In summary, we hold that the easement was originally created for the benefit of all parcels situated in lot 40, and that it was not extinguished by abandonment. The right to its use from Blackhawk Boulevard to the northwest corner of tract C was terminated, however, insofar as tract C, tract F, and lot 1 are concerned, by plaintiff's release of 1942. Nevertheless, such tracts do continue to enjoy that part of such easement running easterly from the northwest corner of tract C to the east line of lot 40. The easement was not released as to lot 2 and tract E, owned by Johnson, or as to tract A owned by Beloit Foundry Company. Nevertheless, it appears that defendants have for many years owned a concrete building just north of the easement in question. About 1950, mistakenly believing themselves to be the owners of the area now in dispute, defendants constructed an addition on the southerly side of the concrete building which encroached upon the northerly portion of the original thirty-foot easement. It also appears from plaintiff's evidence relative to the regular use of such easement that the encroaching concrete building does not in fact deny or materially interfere with this use by the adjoining owners. However, the removal thereof would cast a definite hardship upon the defendants. A court of chancery may grant relief upon such terms as it deems equitable, and it will not require the doing of an act which will result in little benefit to one but great hardship to another. (Remus v. Schwass, 406 Ill. 63; Horney v. The City of Springfield, 12 Ill.2d 427; Leitch v. Sanitary District, 386 Ill. 433; Bradecich v. Rivard, 411 Ill. 214.) Under the facts of this case, we think it inequitable to require the removal of the concrete building which encroaches upon the subject easement, but in all other respects the owners of lot 2, tract E, and tract A are entitled to the unobstructed use of the entire easement from Blackhawk Boulevard to the east line of lot 40.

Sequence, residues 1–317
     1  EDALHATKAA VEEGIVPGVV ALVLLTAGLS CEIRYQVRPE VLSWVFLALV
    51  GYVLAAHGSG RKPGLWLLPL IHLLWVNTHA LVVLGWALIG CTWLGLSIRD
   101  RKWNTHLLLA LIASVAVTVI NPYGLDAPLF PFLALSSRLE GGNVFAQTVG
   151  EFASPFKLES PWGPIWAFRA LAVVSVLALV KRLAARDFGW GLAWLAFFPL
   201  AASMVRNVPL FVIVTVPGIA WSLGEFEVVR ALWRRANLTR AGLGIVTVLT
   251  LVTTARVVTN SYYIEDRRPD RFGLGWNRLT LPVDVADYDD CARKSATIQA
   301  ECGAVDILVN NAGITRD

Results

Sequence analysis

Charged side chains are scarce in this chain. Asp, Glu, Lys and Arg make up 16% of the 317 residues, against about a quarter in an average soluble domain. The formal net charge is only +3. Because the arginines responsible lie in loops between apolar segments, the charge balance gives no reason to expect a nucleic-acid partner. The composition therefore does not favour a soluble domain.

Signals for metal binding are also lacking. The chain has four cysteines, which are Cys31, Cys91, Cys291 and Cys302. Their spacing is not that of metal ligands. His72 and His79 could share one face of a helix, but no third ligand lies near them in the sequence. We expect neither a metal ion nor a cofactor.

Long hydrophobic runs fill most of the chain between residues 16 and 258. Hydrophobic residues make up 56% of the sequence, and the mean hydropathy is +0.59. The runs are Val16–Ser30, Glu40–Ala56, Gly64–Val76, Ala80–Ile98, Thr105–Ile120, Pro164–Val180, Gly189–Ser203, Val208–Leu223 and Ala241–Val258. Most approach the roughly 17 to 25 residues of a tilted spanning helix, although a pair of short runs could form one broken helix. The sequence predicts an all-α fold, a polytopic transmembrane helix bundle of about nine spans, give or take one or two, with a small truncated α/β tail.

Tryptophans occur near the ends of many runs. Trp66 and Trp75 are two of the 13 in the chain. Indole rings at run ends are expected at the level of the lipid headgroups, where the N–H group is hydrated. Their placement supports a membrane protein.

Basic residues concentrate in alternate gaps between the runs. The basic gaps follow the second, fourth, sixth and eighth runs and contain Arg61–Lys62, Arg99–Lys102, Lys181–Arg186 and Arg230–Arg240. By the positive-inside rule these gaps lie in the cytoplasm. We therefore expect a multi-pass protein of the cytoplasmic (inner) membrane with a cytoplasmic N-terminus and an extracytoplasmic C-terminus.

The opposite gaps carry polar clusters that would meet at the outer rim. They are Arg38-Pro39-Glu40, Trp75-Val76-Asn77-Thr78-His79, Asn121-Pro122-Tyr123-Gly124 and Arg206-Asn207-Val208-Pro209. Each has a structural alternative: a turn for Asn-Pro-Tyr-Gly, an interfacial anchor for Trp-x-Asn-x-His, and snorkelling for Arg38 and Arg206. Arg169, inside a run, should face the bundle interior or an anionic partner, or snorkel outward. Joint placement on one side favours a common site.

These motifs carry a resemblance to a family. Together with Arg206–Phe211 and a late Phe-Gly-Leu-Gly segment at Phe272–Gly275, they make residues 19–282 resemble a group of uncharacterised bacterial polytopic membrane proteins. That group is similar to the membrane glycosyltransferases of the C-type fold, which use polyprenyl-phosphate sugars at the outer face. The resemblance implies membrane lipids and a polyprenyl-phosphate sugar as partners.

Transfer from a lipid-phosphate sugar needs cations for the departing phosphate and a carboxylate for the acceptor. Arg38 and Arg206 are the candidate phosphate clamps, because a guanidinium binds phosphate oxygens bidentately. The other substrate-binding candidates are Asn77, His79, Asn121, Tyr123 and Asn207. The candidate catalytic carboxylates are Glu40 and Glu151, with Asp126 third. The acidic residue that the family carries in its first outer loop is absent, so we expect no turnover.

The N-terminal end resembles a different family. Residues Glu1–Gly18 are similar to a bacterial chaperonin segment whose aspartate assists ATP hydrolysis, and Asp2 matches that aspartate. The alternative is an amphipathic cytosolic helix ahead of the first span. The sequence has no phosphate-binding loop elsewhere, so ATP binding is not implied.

Accordingly, the decree of the circuit court of Winnebago County is affirmed insofar as it adjudged the existence of a perpetual easement appurtenant to the parcels as aforesaid and enjoined the obstruction thereof. But so far as the decree purports to grant an easement westerly from tract C for the benefit of tract C, tract F, and Lot 1; to extend the easement to properties situated outside the boundaries of the original lot 40; or to require the removal of the concrete building encroaching upon said way, it is reversed. The cause is further remanded to the circuit court of Winnebago County to modify and clarify its decree accordingly, and to take such further action as is not inconsistent with the views expressed in this opinion.

Affirmed in part and reversed in part and remanded, with directions.

19630527